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Permanent link (DOI): https://doi.org/10.7939/R39W3R

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Role of Glutamate and GABA in a mouse model expressing mutant human APP in the absence of NPC1 protein Open Access

Descriptions

Other title
Subject/Keyword
Cholesterol in the brain
Alzheimer's disease
GABA
Glutamate
NPC disease
Type of item
Thesis
Degree grantor
University of Alberta
Author or creator
Ghoshal, Bibaswan
Supervisor and department
Kar, Satyabrata (Psychiatry)
Examining committee member and department
Baker, Glen (Psychiatry)
Kerr, Bradley (Pharmacology)
LeMelledo, Jean-Michel (Psychiatry)
Department
Department of Psychiatry
Specialization

Date accepted
2013-01-28T11:46:31Z
Graduation date
2013-06
Degree
Master of Science
Degree level
Master's
Abstract
Cholesterol plays a critical role in Alzheimer’s disease (AD) pathogenesis, but the underlying mechanisms remain unclear. To address this issue we have generated a line of ANPC transgenic mice that overexpress mutant-human amyloid precursor protein in the absence of cholesterol transporting Niemann Pick-type C1 protein. These mice display accelerated AD-related pathology compared to age-matched littermates. To define significance of GABA and glutamate in AD, we evaluated alterations of these systems in ANPC mice at different age groups. The levels of glutamate and GABA were not unaltered in ANPC mice compared to other lines. However, levels of vesicular glutamate transporter 1 (i.e. VGLUT1), and expression of VGLUT1 and VGLUT2 appeared to be decreased in ANPC mice. The levels/distribution of glutamic acid decarboxylase 67 (i.e. GAD67) but not GAD65 were also decreased in the cerebellum of ANPC mice. Thus, cholesterol accumulation influences AD-related pathology and triggers subtle alterations in brain neurotransmitter system.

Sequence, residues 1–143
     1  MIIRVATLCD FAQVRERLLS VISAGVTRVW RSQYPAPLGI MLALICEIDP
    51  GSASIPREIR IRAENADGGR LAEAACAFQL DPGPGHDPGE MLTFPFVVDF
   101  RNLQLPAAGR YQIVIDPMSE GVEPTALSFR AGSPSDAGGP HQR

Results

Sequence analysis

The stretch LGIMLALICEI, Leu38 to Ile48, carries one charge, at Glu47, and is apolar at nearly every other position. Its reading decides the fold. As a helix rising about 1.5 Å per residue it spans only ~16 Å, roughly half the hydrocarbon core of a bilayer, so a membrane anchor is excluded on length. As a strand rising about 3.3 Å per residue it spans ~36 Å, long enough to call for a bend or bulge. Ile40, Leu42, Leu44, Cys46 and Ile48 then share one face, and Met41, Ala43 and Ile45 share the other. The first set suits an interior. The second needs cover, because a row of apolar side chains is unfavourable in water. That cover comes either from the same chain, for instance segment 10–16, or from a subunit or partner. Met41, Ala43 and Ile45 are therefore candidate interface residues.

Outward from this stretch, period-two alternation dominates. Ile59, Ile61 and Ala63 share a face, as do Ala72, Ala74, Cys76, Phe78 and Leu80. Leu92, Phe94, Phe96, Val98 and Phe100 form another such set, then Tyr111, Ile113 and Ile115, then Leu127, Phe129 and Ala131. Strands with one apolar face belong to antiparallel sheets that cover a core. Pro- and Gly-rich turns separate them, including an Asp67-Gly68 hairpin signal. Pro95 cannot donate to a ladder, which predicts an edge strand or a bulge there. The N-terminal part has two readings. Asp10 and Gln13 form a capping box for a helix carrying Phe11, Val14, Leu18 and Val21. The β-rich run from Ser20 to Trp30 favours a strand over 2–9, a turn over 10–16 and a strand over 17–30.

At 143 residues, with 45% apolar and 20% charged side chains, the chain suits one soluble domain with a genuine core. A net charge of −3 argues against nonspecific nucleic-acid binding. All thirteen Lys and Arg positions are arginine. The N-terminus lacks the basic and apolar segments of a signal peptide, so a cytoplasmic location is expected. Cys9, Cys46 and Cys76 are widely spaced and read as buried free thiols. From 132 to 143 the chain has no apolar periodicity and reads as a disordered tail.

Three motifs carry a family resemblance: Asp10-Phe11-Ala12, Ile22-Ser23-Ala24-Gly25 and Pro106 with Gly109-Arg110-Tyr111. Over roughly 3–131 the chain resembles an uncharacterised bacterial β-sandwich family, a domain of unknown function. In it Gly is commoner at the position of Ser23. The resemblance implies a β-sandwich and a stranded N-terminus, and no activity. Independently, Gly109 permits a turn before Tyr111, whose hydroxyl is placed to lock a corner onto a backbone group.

Language
English
DOI
doi:10.7939/R39W3R
Rights
Permission is hereby granted to the University of Alberta Libraries to reproduce single copies of this thesis and to lend or sell such copies for private, scholarly or scientific research purposes only. Where the thesis is converted to, or otherwise made available in digital form, the University of Alberta will advise potential users of the thesis of these terms. The author reserves all other publication and other rights in association with the copyright in the thesis and, except as herein before provided, neither the thesis nor any substantial portion thereof may be printed or otherwise reproduced in any material form whatsoever without the author's prior written permission.
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